In 2013, a plastic bag with human ashes washed up on a South Florida shoreline. The unidentified remains were presumably scattered at sea but were disposed of in a fashion not normally associated with burial at sea. Instead, the non-biodegradable plastic bag in which they were stored kept the cremains in tact instead of being dispersed. Unfortunately, this seems to happen more often than not when families take it upon themselves to scatter their loved one’s ashes without proper instruction from a funeral director or crematory operator.
Why Water Burial?
Scattering a loved one’s ashes is becoming more commonplace in today’s society as families dismiss the concept that ground burial is the only option to consider when a person dies. As long as it’s allowed by federal, state and local laws, you can scatter your loved one’s remains in a variety of venues including a garden, under a favorite tree or shrub or even over his or her favorite ball field.
Scattering ashes over water is also quite typical these days. Water enthusiasts may prefer to have the cremains dispersed in the ocean or nearby lake. While this may be a simple way to scatter the ashes, many who do this believe the concept that life began in the sea so it’s best to return that life back. This is not only a humbling way to pay tribute to a deceased friend or family member, but it is also an environmentally friendly alternative to traditional ground burials.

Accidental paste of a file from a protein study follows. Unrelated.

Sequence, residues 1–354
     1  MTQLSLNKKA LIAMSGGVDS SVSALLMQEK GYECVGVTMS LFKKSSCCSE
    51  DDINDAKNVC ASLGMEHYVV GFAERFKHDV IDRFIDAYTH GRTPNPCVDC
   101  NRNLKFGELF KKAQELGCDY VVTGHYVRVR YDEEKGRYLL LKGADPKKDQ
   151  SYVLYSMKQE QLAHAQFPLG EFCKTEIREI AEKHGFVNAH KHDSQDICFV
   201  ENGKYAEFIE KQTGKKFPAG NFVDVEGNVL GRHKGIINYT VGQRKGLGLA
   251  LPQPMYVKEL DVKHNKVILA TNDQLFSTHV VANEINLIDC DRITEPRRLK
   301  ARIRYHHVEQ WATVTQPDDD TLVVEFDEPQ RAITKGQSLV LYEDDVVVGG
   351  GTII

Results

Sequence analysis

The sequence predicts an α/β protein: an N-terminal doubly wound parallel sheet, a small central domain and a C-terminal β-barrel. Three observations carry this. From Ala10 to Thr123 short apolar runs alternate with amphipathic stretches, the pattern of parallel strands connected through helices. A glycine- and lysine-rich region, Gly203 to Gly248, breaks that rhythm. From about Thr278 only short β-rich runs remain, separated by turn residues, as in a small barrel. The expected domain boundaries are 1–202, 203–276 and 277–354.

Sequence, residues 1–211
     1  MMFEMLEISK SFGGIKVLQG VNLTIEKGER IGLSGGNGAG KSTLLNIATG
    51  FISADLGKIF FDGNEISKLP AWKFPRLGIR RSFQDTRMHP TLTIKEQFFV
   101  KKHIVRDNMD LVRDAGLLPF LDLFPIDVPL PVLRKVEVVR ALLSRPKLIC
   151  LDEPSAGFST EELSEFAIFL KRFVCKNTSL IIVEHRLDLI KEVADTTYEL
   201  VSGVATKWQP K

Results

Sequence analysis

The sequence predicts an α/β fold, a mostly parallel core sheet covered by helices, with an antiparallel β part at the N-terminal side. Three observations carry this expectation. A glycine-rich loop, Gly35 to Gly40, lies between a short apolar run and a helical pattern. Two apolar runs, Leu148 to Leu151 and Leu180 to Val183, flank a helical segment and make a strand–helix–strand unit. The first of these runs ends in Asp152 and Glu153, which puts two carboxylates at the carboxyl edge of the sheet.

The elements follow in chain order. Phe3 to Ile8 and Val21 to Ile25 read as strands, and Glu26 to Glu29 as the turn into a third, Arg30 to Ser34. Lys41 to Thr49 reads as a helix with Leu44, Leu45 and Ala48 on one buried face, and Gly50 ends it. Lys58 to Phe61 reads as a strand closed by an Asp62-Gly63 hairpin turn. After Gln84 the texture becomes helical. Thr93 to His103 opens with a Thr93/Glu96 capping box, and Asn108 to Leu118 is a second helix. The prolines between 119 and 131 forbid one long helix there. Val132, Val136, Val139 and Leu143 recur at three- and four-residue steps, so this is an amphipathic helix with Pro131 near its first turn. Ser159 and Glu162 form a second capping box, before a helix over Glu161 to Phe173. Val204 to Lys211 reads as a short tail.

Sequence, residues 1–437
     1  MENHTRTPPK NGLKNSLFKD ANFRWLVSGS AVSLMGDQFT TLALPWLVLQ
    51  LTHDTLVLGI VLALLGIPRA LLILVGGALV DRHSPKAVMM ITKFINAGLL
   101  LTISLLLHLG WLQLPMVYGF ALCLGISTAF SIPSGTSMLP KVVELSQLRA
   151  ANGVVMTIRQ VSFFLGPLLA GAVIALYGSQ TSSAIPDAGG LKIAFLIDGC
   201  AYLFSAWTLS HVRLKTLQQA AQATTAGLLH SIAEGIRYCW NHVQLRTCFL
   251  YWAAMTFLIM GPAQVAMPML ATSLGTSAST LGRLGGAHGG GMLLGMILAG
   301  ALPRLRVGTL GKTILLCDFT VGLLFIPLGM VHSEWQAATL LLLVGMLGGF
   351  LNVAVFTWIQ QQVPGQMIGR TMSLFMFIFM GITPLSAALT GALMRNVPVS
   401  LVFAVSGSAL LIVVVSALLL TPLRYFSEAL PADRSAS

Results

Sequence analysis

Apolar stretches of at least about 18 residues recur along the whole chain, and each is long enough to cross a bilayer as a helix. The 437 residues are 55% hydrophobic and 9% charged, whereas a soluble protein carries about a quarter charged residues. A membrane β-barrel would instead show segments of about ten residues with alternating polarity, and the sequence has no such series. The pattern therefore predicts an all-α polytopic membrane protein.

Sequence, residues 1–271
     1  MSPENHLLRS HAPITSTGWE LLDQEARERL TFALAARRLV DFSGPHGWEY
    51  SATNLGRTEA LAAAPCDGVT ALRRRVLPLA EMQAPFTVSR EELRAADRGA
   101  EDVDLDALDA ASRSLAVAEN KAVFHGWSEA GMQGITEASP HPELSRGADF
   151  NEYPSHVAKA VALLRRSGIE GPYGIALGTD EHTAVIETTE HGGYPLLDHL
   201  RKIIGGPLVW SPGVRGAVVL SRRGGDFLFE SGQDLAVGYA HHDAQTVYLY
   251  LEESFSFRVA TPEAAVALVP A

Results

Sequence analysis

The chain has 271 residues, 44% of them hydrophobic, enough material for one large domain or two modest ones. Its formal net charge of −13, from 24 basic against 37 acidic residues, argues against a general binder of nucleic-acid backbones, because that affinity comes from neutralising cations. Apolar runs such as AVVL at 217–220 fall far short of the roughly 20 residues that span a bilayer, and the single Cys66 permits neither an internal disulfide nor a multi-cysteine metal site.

A much less expensive option, ash scattering over water is usually held after the funeral or memorial service and is typically attended by immediate friends and family members, a clergy member and the vessel captain. Remaining friends and family can opt to view the scattering ceremony from the shore.
A classic example of how NOT to scatter ashes can be found in what we will refer to as the Lebowski method:
Biodegradable Scattering or Water Urns
If you are considering scattering or burying your loved one’s ashes in water, there are two types of cremation urns that should be used. You want a container that is easy to open when you are getting ready to scatter the ashes or an urn that is biodegradable should you decide to place the cremated remains in the water.
These types urns typically float for a brief period time and will sink gracefully. They come in a variety of styles from tubes and sea shells to Grecian urns and balls of sand. Because they are biodegradable, they are typically made from recycled paper, sand, gelatin and rock salt.
Federal Rules and Regulations for Scattering Cremated Ashes
The Environmental Protection Agency oversees the federal rules on disposing of cremated remains. Individual states have their own regulations but often use the EPA rules as guidelines.
Under the EPA’s Clean Water Act, the ashes must be scattered at least three nautical miles from land and can only be done by boat or air. If you are using a non-biodegradable container, it must be disposed of separately and not placed in the water at all. Cremated remains are not allowed to be scattered at beaches or wading pools by water. Inland water burials require the applicable state permits.
All water burials must be reported in writing to the EPA within 30 days. Decomposable wreaths and flowers may be placed in the water at the time of ceremony.
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